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Early discharge after primary percutaneous coronary intervention
  1. Gerrit J Laarman1,
  2. Maurits T Dirksen2
  1. 1Department of Cardiology, King's College Hospital NHS Foundation Trust, London, UK
  2. 2Department of Cardiology, Onze Lieve Vrouwe Gasthuis, Amsterdam, The Netherlands
  1. Correspondence to Dr Gerrit J. Laarman, Department of Cardiology, King's College Hospital NHS Foundation Trust, Denmark Hill, London SE5 9RS, UK; gjlaarman{at}gmail.com

Abstract

The length of hospital stay after a successful percutaneous coronary intervention (PCI) for acute myocardial infarction is subject of debate. Patients should not be kept in hospital longer than strictly needed in terms of safety, psycho-social reasons, adequate mobilisation and patient comfort. In many tertiary centres with a busy PCI program insufficient bed capacity is an ongoing concern. Moreover, it seems obvious that shorter hospital stay will lead to a significant cost reduction. In order to know if very early discharge after primary PCI is feasible and safe one should identify the events that might threaten the patient as well as the timing of occurrence of such events. As a result a relatively large proportion of patients with a very low risk of early complications can be defined and in those patients very early discharge is indicated.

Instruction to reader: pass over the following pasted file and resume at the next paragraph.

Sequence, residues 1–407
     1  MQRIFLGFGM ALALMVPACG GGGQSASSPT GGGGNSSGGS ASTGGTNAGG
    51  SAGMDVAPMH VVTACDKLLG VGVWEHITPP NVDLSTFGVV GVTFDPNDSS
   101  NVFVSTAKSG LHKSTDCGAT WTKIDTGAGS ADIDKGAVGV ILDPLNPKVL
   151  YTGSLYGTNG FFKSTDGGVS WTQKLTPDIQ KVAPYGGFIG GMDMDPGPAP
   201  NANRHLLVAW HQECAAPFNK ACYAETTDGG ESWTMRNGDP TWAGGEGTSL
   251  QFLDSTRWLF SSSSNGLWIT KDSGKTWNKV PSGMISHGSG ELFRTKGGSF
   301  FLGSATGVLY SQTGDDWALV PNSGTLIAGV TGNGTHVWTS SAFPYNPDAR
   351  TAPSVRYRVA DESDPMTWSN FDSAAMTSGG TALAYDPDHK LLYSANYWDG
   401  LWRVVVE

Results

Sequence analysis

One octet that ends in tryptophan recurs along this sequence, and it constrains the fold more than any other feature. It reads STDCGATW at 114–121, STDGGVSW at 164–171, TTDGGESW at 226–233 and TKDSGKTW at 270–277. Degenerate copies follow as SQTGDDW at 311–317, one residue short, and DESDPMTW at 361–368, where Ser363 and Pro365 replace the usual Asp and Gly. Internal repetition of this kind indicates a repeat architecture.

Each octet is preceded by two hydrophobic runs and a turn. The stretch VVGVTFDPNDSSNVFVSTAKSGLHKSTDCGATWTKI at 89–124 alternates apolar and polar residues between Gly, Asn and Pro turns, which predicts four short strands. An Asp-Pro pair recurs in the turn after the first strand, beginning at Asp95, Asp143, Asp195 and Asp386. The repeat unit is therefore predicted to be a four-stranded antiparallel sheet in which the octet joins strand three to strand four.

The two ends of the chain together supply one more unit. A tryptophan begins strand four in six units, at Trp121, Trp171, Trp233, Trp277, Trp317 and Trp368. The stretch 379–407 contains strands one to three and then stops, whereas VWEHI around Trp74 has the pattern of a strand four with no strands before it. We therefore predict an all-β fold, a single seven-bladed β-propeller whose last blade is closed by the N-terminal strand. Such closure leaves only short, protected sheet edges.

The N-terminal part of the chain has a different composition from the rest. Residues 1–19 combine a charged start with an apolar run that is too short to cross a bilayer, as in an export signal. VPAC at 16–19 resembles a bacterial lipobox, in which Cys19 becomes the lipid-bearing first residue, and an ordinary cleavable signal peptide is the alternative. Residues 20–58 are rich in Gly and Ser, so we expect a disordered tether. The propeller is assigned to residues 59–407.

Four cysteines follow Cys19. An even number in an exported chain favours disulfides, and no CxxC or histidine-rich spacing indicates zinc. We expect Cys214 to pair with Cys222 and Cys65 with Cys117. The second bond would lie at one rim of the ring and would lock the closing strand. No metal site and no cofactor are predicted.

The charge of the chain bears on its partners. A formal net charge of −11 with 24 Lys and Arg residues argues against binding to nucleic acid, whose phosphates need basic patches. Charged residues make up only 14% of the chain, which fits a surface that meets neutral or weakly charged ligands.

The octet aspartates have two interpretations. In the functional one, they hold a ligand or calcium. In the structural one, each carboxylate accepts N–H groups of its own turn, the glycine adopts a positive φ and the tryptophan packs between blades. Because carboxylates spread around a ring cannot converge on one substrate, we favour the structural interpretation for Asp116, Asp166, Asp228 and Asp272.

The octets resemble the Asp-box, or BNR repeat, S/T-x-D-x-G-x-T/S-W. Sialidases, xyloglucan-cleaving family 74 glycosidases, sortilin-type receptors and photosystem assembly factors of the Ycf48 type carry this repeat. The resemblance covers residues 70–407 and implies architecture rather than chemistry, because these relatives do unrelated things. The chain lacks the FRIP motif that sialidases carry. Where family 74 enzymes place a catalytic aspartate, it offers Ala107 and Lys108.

• Acute myocardial infarction
  • delivery of care
  • primary percutaneous coronary intervention
  • shortstay
  • STEMI

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Footnotes

  • Competing interests None.

  • Provenance and peer review Not commissioned; externally peer reviewed.

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